blast from the past

early pastel from book

I’ve been away from wordpress because I’ve been busy housekeeping.  Housekeeping is a humongous big job when you don’t manage it well, and since I spent decades ignoring the task, it has come back to bite me big time.  But bit by bit, I bring the situation under control (thank you Marie Kondo).  During my excavations, I have found some rather amazing things — amazing to me, naturally, since these things of which I speak are emblematic in my life.

So, for instance, I found the drawing above.  It’s the earliest pastel drawing of mine that still exists.  Not much in itself, but it’s something I made when I was still a kid.  More significantly I realized that the drawing is actually a copy of another artists’ work and now I know who that artist was.  It was Leonard Richmond who was author of a little pamphlet called “Landscape Painting in Oils” published by Grosset & Dunlap who put out a series of how-to books on art.  Either I bought it or my father’s younger sister gave it to me (my Aunt Mary encouraged me to paint early on).  Now I discover that Grosset & Dunlap “is a United States publishing house founded in 1898. The company was purchased by G. P. Putnam’s Sons in 1982 and today is part of Penguin Random House through its subsidiary Penguin Group.”

Here’s the image I copied:

early pastel from book source Leonard Richmond

Until my house cleaning, I would never have identified Leonard Richmond as one of my teachers — but I suppose he was not only my teacher but perhaps my first teacher.  Thanks to the internet, I learn this about him:

“Leonard Richmond (AKA: Leonard “Slim” Richmond) was a British painter, graphic artist, illustrator, poster designer, educator, author, art critic and a Canadian war artist.

He was born in Somerset county (south west England). When not traveling, he lived most of his life in London, England and its environs.”



My guess, looking at more of his landscapes online, is that he liked the same artists that I like — Cezanne, Bonnard, Matisse, Corot, the Impressionists and similar painters.  Since he died in 1965, he was probably already deceased by the time I encountered his art.  The slim booklet is copyrighted 1962, but I wouldn’t have owned it then (I was only 7 years old).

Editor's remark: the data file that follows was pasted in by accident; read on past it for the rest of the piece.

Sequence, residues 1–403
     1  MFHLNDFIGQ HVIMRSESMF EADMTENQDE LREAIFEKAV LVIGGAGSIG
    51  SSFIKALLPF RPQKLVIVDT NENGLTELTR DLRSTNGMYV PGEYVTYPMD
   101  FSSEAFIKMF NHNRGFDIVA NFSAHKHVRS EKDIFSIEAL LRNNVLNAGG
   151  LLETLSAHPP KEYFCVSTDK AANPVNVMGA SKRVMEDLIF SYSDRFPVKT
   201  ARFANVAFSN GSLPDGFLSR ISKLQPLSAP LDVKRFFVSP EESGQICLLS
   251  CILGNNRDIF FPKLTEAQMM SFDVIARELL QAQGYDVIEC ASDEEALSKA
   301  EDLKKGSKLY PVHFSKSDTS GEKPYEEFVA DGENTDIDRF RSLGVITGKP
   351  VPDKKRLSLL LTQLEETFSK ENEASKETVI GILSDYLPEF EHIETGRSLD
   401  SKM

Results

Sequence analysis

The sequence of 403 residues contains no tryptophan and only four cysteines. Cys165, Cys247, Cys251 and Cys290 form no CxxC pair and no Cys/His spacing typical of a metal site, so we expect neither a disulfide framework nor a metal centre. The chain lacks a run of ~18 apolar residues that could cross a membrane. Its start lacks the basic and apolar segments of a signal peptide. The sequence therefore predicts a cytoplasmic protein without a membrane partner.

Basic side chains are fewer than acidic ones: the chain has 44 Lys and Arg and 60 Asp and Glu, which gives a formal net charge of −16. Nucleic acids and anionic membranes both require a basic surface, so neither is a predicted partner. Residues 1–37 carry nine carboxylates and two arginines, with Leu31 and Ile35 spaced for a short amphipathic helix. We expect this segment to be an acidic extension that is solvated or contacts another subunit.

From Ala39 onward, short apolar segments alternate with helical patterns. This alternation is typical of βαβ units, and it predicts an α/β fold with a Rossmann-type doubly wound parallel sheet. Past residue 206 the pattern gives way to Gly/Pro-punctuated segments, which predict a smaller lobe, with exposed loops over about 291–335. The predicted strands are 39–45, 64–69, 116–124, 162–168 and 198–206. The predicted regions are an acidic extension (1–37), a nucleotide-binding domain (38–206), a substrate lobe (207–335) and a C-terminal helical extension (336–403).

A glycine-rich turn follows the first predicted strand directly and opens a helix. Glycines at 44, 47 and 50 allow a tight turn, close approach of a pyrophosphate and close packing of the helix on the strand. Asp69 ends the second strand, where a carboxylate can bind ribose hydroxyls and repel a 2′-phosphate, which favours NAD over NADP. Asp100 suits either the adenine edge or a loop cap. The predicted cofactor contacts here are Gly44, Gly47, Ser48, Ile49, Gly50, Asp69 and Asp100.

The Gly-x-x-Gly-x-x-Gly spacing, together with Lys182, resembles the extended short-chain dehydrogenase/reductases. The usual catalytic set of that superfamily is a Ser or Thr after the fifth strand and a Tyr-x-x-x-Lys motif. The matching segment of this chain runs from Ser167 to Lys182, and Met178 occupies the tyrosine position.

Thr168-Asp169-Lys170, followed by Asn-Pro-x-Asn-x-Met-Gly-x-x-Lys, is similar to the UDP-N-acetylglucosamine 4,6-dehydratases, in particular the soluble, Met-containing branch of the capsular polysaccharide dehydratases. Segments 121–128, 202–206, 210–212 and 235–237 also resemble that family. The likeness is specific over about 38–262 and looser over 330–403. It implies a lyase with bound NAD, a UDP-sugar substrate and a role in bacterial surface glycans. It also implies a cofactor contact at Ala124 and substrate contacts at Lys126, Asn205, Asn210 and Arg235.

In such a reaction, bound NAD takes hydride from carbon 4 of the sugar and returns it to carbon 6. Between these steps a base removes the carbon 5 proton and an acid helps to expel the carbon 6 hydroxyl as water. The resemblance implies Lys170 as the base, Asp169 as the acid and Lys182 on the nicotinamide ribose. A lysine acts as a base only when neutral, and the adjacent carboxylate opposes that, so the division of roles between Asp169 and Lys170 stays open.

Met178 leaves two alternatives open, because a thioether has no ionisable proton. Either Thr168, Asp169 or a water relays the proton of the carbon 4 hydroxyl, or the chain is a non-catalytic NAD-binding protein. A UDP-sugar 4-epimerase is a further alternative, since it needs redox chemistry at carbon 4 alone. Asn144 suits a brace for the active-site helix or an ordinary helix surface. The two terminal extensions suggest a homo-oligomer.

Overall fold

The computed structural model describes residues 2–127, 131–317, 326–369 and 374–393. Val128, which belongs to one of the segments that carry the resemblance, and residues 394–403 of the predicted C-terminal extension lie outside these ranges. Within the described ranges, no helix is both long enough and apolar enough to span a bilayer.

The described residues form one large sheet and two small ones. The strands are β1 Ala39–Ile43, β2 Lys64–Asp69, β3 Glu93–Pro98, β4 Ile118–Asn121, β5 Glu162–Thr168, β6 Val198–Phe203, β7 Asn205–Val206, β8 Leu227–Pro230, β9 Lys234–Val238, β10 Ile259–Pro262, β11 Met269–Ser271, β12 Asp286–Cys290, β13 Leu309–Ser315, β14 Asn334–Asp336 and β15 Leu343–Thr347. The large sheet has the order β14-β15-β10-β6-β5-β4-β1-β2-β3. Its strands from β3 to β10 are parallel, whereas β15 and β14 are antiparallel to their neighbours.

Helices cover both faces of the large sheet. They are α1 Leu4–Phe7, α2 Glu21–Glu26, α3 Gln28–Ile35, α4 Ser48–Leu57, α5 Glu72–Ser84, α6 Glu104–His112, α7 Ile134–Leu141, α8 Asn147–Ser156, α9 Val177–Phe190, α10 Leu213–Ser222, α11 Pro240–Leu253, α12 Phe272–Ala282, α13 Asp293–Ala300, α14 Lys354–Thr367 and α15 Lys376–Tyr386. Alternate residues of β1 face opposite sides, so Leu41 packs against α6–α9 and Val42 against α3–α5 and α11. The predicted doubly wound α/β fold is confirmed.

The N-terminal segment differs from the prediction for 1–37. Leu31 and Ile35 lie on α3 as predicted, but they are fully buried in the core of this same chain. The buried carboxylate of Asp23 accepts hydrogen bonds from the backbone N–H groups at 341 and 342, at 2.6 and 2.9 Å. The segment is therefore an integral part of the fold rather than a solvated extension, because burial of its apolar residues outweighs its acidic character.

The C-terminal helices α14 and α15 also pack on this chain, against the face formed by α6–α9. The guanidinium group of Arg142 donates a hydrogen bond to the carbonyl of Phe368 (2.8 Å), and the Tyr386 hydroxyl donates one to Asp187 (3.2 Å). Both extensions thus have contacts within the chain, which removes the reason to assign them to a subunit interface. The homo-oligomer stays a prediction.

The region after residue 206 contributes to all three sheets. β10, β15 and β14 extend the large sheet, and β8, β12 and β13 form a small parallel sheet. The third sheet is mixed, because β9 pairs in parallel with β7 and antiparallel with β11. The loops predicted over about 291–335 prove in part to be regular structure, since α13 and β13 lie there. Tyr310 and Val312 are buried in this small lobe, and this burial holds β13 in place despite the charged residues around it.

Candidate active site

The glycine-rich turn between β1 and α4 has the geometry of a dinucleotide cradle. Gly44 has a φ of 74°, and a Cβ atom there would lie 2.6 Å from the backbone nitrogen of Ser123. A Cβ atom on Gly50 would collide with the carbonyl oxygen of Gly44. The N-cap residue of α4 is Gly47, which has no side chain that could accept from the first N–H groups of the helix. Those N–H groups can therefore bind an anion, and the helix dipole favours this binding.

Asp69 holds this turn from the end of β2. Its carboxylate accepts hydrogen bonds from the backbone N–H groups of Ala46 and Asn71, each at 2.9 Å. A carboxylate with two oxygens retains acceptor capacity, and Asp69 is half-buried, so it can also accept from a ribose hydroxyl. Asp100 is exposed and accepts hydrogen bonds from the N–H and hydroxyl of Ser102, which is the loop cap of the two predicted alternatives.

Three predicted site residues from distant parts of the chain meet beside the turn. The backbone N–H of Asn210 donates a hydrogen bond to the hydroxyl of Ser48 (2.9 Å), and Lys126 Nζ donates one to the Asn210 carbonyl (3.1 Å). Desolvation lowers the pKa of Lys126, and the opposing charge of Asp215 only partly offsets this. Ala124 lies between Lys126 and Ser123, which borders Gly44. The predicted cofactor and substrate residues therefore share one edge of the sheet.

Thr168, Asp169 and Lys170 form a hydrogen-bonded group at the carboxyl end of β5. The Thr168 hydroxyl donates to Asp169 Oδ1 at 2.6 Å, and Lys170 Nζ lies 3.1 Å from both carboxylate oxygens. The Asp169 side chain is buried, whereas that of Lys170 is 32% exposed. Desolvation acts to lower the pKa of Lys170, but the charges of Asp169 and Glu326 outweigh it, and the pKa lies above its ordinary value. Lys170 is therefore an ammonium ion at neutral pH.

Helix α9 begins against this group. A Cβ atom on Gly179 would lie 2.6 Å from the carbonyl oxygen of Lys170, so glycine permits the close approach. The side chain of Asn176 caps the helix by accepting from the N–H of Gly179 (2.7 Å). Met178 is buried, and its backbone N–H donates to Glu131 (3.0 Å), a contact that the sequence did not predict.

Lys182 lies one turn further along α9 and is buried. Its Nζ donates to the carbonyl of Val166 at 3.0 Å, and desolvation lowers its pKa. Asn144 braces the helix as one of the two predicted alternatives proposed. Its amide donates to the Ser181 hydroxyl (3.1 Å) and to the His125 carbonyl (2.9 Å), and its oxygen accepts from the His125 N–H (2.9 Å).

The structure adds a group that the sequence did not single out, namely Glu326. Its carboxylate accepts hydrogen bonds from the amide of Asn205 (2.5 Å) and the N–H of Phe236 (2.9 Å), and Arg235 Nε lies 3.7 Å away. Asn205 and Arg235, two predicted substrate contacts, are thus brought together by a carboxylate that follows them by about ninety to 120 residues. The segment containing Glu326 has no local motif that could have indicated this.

So far as I know, I never actually read the book though it’s only 30 pages long including illustrations.  I just learned from the pictures.

It amazes me how well the pastel held up.  They were student grade pastels. The paper looks like newsprint but surely must be something else because though it’s yellowed, it’s not brittle.  And the texture of the pastel surface suggests that I used a spray fixative which evidently didn’t yellow excessively.  And the picture has been stored in an attic for decades so it’s amazing that it hasn’t been eaten by silverfish or completely disintegrated by heat and cold!  Who knew that student grade stuff could be so durable … all the same for future work I think I’ll stick to my richer professional grade artists’ materials ….




In Fragments

Different artists teach you different things.  Bonnard simplified things, removing them partly from their naturalistic context.  His simplifications are of one order.  There could be other ways to do it.  Like Domenico Veneziano’s way, for instance.  But they point to and teach how to use parts of things: how you can use fragments of experience to call forth memories and lead thought into an area behind experiences — like seeing the back of a tapestry.

You have to see things before you can paint them.  Bonnard teaches a different way of seeing the world by taking it apart, thing by thing.  Every artist that you really begin to understand does something similar by showing the world through a personal experience of it.  It makes no difference if the artist is old or new.  The discoveries of the old artists are still new, they are connected to life, and the world itself is still in its first bloom of youth.

somewhere between energy and matter is thought

on light bright air melodious insects/ swill silence, drink a void/ cicadas shimmer the green leaves/ in electric chatter emanating lines/ of choral contrapunctal waves which/ ebb and really swell with dilating buzz/ in brightening unmoored yet tautened sound

the singing’s vibration wavers not fast enough/ to transmute energy into matter/ though they create dreams and thought fabrics/ whose flutters and unfurled folds/ loosening unfix the mind’s atmosphere/ raises it aloft, afloat in porous delight

First and Last Greetings

The last thing Paul Squires wrote at my blog post Swimming in the adjoining ponds of imagination (written on July 15, 2010) was this:  

More koi Jazz! A long and gorgeous trilling right hand cascade down the keyboard, Oscar Peterson style, all done in colour and movement! Life is a koi pond indeed!

The first thing he ever wrote at a post called Paint for Painting’s Sake (June 16, 2008) was this:

I don’t know nearly enough about the practice of painting, nothing actually, being a writer, but reading your posts back this far and looking at your work had really helped me understand what’s going in a painter’s mind. I don’t think it’s pretentious at all, revealing and fascinating in fact, especially the one about the abstract which really made it clearer in my mind what that was all about and related in a way to my writing. So thanks.

He wrote stuff like this — all over the internet — encouraging others to excel at art (in the broadest sense of the word).  His role as lifter of spirits is one that all those of us who knew him should remember always — and practice in his absence, this lovely humane kindness.